COVID Relief For Residents, Businesses Tops Fairfax County Agenda

FAIRFAX COUNTY, VA — Fairfax County continued to provide relief to residents and small businesses across the county during the second year of the COVID-19 pandemic through the dedication of county workers and volunteers as well as partnerships with nonprofits groups in the region, according to County Board of Supervisors Chairman Jeff McKay.

From the volunteers in the Fairfax Medical Reserve Corps to partnerships with Neighborhood Health and Cornerstones, the county built up a COVID-19 vaccination program that has led to a vaccination rate of more than 70 percent in every zip code in the county, McKay said in his 2022 State of the County address, released Wednesday.

Neighborhood Health, a nonprofit group in Northern Virginia, has provided primary care to all people, regardless of their ability to pay, to Fairfax County residents during the pandemic.

Another nonprofit group, Reston-based Cornerstones, was serving about 16,000 lower-income people per year before the pandemic. When the pandemic hit in March 2020, Cornerstones, which has served the county for more than 50 years, worked on the frontlines by providing primary medical care, dental care, pharmacy assistance and COVID-19 testing to these residents.

The pandemic has caused “substantial” pain to residents of Fairfax County, with more than 1,000 county residents dying from COVID-19 since March 2020, McKay said.

In June 2020, the Fairfax County Board of Supervisors passed six weeks of paid family leave for county employees, a benefit that helped employees take care of themselves or family members during the pandemic. The six weeks of paid leave can be used by workers to stay home for the birth or adoption of a child, when they are unable to work because of a chronic condition or ongoing medical treatment, or when a family member has an ongoing medical condition.

From Oct. 1, 2020, to Nov. 5, 2021, county employees used 368,000 hours of this new paid family leave benefit.

“It is my hope that our work on the county level will serve as motivation for businesses and organizations across the commonwealth to implement similar paid leave policies,” McKay said.

The Fairfax County Board of Supervisors also created the Fairfax Relief Initiative to Support Employers, or Fairfax RISE, program to assist small businesses and nonprofits affected by COVID-19. The program is funded using federal CARES Act funds provided to the county.

Through the program, more than $87 million has been awarded to small businesses in Fairfax County to help them to stay in business during the pandemic. The program helps small businesses, like Le Bledo Eatery, a Vietnamese restaurant in Springfield, that may not have access or be eligible to other COVID-19 business funding programs, McKay said.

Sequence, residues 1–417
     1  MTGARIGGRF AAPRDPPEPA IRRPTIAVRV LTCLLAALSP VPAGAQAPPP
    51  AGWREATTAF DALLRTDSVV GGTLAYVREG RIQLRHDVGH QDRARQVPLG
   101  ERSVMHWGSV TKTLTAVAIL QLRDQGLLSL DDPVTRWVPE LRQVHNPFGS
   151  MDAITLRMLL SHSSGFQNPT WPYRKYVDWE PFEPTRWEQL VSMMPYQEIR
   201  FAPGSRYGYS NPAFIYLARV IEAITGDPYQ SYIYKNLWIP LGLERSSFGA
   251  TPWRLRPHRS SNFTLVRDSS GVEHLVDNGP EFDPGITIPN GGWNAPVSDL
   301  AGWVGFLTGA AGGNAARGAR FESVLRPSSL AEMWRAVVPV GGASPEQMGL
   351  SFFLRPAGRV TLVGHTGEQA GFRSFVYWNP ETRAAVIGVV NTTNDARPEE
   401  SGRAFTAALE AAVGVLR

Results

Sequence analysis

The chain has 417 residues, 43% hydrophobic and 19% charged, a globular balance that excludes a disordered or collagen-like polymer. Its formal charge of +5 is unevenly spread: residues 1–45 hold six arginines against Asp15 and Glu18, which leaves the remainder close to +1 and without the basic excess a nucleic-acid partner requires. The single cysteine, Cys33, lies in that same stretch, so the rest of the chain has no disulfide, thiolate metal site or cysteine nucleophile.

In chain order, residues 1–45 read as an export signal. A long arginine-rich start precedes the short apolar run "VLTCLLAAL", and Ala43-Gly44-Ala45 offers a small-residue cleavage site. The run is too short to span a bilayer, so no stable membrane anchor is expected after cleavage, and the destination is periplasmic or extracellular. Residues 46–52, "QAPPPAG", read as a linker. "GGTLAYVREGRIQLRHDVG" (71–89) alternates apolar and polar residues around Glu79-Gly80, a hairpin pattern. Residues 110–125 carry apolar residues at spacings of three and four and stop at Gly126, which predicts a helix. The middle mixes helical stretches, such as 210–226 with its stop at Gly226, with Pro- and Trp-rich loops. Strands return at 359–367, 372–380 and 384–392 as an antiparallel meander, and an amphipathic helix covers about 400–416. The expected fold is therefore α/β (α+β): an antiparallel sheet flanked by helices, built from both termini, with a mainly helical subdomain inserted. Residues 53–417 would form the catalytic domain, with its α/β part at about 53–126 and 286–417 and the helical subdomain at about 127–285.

The chairman also said the county remains committed to police reform. In September, the Fairfax County Police Department launched a co-responder program that addresses mental health crises in the field and diverts people from arrest, he noted. The program consists of members from the Fairfax-Falls Church Community Services Board’s Mobile Crisis Unit and Fairfax County police officers, who respond to 911 calls that warrant crisis intervention.

Over the past six months, Fairfax County Police officers have shot and injured at least two county residents suffering from a mental health crisis.

On Tuesday, a Fairfax County Police officer shot and injured a 51-year-old man who was pointing a bow and arrow at officers outside a Chantilly home. The man’s elderly parents contacted police on Tuesday after he began behaving in an unstable manner and threatened them, the police said.

In July, a Fairfax County Police officer shot and injured a 30-year-old woman at a group home in Springfield. A caretaker at the group home who called 911 said a woman was threatening to harm others inside the home. The woman, Jiyoung Lee, a resident of the Springfield group home, was taken to a local hospital where she was treated for the gunshot wound in her upper body.

The police department had been called to the same group home “on more than one occasion,” the police department said. The Springfield residence serves as a group home for people with intellectual disabilities.

This article originally appeared on the Chantilly Patch

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